It says a great deal about a liberal Democrat that he does not outrage conservative Republicans. To mention the Clintons, Howard Dean, Al Gore, Harry Reid, Nancy Pelosi or John Kerry to this crowd is to inflict hypertension. But I, for one, can sit through an entire speech by Barack Obama without flinching. I can admire his poise, his fluid delivery, and his self-confident, dignified presence.
Part of the reason Obama doesn't send his political adversaries up the wall is that he employs the language of unity and patriotism. He is clearly the most gifted speaker to grace American politics since Ronald Reagan. And as with Reagan, there is a basic decency to Obama that blunts dislike.
But as he moves into the lead for the Democratic nomination, however much we may delight in seeing the air deflate from the Clinton dirigible, we must ask: What would a President Obama look like?
Much of his rhetoric is lighter than air -- almost content-free. It's the past versus the future, hope over fear, one nation not two, yes we can, turn the page, and so forth. But when you get past the music and really focus on the lyrics, Obama emerges as an utterly conventional, down-the-line liberal Democrat. He claims to be all about the future, but his policy ideas are about as modern as disco and the leisure suit.
In pitching his universal health care idea, Obama asserts that Americans spend twice as much per capita on health care as Canadians or Germans, yet "our outcomes are not better, in some cases they are worse." He is correct about per capita spending, but not about results. As evidence of our poor outcomes, he cites infant mortality statistics from the state of Mississippi (and only Mississippi, our poorest state) to suggest that infant mortality rates are rising.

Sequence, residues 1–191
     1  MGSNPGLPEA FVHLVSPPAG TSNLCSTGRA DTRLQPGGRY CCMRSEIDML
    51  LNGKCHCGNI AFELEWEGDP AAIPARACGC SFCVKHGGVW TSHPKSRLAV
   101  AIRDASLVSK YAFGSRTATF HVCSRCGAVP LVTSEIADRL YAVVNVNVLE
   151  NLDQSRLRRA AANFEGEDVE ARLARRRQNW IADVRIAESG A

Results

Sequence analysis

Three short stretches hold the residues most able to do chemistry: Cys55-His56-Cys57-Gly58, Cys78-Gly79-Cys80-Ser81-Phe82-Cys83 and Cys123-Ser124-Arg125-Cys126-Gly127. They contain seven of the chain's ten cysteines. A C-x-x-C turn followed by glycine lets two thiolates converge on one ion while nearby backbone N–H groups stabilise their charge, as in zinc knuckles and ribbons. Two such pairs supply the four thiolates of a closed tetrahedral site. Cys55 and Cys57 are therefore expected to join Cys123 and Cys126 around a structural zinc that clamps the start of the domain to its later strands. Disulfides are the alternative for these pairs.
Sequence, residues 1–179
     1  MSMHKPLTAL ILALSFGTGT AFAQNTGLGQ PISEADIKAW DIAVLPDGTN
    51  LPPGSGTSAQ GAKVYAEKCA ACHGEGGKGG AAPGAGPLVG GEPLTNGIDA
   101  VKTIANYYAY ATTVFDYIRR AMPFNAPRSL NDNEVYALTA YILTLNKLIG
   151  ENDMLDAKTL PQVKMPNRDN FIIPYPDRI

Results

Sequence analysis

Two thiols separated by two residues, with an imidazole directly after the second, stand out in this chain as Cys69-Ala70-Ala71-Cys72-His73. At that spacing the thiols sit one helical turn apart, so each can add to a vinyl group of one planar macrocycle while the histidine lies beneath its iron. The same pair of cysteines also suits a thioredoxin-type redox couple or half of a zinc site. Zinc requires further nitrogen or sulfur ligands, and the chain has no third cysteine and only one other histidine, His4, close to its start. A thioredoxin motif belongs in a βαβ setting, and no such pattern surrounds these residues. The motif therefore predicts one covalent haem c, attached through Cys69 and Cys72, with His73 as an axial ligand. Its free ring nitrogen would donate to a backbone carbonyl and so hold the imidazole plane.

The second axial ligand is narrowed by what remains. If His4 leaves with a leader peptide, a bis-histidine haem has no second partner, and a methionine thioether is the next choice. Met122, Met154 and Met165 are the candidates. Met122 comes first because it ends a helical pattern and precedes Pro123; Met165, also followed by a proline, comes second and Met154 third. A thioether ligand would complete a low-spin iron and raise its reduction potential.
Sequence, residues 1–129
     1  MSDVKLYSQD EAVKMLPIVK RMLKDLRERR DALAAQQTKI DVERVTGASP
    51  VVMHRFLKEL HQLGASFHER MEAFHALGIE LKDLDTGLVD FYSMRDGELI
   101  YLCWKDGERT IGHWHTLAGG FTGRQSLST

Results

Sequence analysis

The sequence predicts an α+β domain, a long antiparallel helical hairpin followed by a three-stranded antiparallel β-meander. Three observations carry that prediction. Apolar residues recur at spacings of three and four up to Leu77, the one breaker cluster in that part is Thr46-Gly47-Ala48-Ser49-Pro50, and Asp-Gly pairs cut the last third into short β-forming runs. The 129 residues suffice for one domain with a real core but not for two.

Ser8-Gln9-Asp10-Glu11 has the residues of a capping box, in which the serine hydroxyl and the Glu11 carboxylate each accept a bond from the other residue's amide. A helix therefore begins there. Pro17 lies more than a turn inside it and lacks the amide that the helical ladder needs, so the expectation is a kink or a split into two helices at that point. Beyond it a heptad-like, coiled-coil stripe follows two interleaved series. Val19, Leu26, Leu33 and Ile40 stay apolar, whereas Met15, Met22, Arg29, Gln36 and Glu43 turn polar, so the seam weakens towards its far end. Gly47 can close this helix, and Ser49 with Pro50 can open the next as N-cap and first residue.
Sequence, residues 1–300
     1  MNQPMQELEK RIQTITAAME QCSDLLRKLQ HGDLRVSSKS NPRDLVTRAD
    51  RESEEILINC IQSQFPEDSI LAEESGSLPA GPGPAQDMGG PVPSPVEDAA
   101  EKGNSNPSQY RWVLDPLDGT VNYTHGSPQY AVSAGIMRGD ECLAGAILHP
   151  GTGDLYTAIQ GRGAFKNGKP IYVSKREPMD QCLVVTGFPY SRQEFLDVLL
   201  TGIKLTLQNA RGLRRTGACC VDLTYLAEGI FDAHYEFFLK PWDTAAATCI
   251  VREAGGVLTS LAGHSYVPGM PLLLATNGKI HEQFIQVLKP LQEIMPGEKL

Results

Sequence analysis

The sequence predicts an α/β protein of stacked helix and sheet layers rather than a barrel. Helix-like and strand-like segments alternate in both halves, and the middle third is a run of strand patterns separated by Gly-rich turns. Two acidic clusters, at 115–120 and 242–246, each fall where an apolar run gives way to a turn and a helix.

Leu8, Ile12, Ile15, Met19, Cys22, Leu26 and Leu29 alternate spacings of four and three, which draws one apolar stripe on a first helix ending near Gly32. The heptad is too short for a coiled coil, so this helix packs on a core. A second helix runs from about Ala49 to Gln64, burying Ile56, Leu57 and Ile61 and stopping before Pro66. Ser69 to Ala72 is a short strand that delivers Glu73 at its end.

The use of infant mortality as a measure of health care quality has been shown to be unreliable. Infant mortality is closely tied to social factors like illegitimacy, maternal drinking and other misbehavior far more than to the availability of health services. Further, cross-cultural comparisons are problematic, as countries define the term differently. In some countries, a newborn must breathe and show other signs of life before a death will be counted in the statistics. In America, every baby delivered (including severely premature infants) counts. Further, as US News & World Report has noted, "In Austria and Germany, fetal weight must be at least 500 grams (1 pound) to count as a live birth." In the U.S., we count them all. Besides, infant mortality is also closely tied to multiple births. Because so many Americans are resorting to (expensive) fertility treatments, our rate of multiple births has skyrocketed in recent years.
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